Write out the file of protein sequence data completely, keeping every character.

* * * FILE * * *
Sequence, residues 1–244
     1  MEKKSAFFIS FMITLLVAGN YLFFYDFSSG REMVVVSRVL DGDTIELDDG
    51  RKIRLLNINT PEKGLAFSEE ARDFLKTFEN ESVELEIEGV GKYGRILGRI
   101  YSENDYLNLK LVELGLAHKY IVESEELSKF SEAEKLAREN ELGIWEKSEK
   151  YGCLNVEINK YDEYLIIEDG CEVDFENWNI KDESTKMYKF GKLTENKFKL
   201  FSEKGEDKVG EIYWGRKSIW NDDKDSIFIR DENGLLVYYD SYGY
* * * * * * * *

Sequence, residues 1–244
     1  MEKKSAFFIS FMITLLVAGN YLFFYDFSSG REMVVVSRVL DGDTIELDDG
    51  RKIRLLNINT PEKGLAFSEE ARDFLKTFEN ESVELEIEGV GKYGRILGRI
   101  YSENDYLNLK LVELGLAHKY IVESEELSKF SEAEKLAREN ELGIWEKSEK
   151  YGCLNVEINK YDEYLIIEDG CEVDFENWNI KDESTKMYKF GKLTENKFKL
   201  FSEKGEDKVG EIYWGRKSIW NDDKDSIFIR DENGLLVYYD SYGY